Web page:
Throughout 2023, what happened is that operators said, “you know, I’m still in the midst of rolling out 5G and recouping my investments. So, granted that everybody’s now agreed that there will be a 6G, we don’t want to see another peak of billions of dollars of investment in 6G.” 

So, it goes back to what I commented earlier: the majority of the first release we anticipate is going to be evolutionary, continuing from 5G. And then maybe a few research areas that are sort of unique, perhaps related to sensing, XR, and AI, which will grow as we move forward. 

That’s why I think you’re seeing these big OEMs focus a little bit more on the business aspects rather than the technology aspects this year. Perhaps in 2025, once 3GPP becomes a little bit more ingrained and commits to specific areas of innovation, more ideas will come to the surface. 

Thinking ahead, what are the goals this year for InterDigital regarding 6G research?

Within the research and innovation organization, we have a wireless lab, a video lab and an AI lab. So, the combination of the three gives us a very good opportunity to look at things end-to-end in terms of how a video stream can be developed in the most efficient way with the most compressed bits but with the highest quality.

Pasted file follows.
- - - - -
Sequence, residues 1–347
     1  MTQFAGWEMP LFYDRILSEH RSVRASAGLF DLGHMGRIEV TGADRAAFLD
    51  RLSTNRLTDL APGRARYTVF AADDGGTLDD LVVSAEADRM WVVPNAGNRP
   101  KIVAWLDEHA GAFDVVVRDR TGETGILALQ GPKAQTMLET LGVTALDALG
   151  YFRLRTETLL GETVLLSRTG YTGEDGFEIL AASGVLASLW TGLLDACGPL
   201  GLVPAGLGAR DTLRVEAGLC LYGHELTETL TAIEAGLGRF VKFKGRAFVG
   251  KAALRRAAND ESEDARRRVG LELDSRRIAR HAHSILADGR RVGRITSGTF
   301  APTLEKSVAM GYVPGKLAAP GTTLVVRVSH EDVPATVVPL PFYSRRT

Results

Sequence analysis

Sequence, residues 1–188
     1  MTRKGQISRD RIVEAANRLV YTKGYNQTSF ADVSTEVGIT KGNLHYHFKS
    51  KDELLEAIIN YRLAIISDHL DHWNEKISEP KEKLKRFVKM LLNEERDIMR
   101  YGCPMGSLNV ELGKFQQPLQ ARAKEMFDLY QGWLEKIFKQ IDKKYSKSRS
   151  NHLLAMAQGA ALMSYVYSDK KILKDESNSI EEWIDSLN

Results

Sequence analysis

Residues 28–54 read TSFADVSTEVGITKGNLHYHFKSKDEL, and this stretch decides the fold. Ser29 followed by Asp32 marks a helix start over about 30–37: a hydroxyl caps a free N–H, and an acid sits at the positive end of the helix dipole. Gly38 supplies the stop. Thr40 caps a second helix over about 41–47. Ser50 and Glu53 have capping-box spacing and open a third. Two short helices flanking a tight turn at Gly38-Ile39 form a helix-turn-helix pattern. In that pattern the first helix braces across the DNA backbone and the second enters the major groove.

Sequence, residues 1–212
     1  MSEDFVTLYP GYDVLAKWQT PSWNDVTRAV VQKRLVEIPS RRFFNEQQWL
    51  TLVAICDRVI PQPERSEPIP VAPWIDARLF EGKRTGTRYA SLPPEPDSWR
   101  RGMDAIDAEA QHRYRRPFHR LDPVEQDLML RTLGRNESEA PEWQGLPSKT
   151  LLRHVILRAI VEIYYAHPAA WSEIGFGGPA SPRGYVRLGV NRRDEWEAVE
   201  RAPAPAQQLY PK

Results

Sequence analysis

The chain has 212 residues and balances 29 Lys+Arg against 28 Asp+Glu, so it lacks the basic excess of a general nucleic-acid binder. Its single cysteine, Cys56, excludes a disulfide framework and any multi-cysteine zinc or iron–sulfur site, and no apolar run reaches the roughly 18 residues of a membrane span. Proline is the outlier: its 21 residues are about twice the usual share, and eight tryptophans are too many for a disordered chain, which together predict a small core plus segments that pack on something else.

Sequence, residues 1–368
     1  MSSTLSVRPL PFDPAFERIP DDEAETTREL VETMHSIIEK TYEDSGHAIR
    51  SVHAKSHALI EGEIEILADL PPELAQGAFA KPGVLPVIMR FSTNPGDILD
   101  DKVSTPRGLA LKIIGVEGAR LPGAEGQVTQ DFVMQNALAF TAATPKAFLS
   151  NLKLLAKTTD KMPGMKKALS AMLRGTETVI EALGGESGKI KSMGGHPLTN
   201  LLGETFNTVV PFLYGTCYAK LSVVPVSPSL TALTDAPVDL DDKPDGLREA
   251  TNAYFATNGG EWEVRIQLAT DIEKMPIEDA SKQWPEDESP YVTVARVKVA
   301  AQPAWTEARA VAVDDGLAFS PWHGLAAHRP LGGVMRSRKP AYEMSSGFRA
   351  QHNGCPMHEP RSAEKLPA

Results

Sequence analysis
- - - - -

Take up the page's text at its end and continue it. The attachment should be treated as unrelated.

And yet it can be transported over the network, which is where in the wireless field, we work really hard to make sure we can carry lots of bits at the lowest cost; and then build AI, or use AI tools or layer that on top, to build the intelligence to even further optimise or even have a paradigm shift in some areas. 

We have been implementing AI in our radio technology for many years now, and that’s paid us very good dividends. We believe that that’s sort of our unique proposition we bring to the table. And I think in terms of our goals, you know, just continuing to solve the problems for the industry and work with our partners, peers, and academic institutions to bring the best solutions so that we continue to evolve 5G and get to 6G.

Featured image by InterDigital